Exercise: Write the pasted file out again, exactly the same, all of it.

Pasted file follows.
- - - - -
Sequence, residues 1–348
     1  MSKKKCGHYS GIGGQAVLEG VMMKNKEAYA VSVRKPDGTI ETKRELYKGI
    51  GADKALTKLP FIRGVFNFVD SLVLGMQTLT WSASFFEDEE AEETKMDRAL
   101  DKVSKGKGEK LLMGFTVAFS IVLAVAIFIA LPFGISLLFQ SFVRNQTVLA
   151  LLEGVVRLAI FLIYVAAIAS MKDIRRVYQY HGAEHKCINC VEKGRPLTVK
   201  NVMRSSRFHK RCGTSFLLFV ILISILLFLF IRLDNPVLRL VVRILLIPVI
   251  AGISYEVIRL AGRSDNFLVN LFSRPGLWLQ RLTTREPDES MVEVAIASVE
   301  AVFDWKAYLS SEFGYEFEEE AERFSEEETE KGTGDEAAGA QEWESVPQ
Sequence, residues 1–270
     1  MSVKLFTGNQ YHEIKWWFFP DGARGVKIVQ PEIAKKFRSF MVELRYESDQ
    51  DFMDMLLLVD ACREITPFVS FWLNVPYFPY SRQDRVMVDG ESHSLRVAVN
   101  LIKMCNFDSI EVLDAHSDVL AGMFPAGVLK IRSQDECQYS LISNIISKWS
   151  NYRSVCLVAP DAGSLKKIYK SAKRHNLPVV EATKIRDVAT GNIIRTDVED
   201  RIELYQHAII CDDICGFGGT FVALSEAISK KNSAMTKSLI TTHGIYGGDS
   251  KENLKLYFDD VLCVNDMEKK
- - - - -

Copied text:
Sequence, residues 1–348
     1  MSKKKCGHYS GIGGQAVLEG VMMKNKEAYA VSVRKPDGTI ETKRELYKGI
    51  GADKALTKLP FIRGVFNFVD SLVLGMQTLT WSASFFEDEE AEETKMDRAL
   101  DKVSKGKGEK LLMGFTVAFS IVLAVAIFIA LPFGISLLFQ SFVRNQTVLA
   151  LLEGVVRLAI FLIYVAAIAS MKDIRRVYQY HGAEHKCINC VEKGRPLTVK
   201  NVMRSSRFHK RCGTSFLLFV ILISILLFLF IRLDNPVLRL VVRILLIPVI
   251  AGISYEVIRL AGRSDNFLVN LFSRPGLWLQ RLTTREPDES MVEVAIASVE
   301  AVFDWKAYLS SEFGYEFEEE AERFSEEETE KGTGDEAAGA QEWESVPQ
Sequence, residues 1–270
     1  MSVKLFTGNQ YHEIKWWFFP DGARGVKIVQ PEIAKKFRSF MVELRYESDQ
    51  DFMDMLLLVD ACREITPFVS FWLNVPYFPY SRQDRVMVDG ESHSLRVAVN
   101  LIKMCNFDSI EVLDAHSDVL AGMFPAGVLK IRSQDECQYS LISNIISKWS
   151  NYRSVCLVAP DAGSLKKIYK SAKRHNLPVV EATKIRDVAT GNIIRTDVED
   201  RIELYQHAII CDDICGFGGT FVALSEAISK KNSAMTKSLI TTHGIYGGDS
   251  KENLKLYFDD VLCVNDMEKK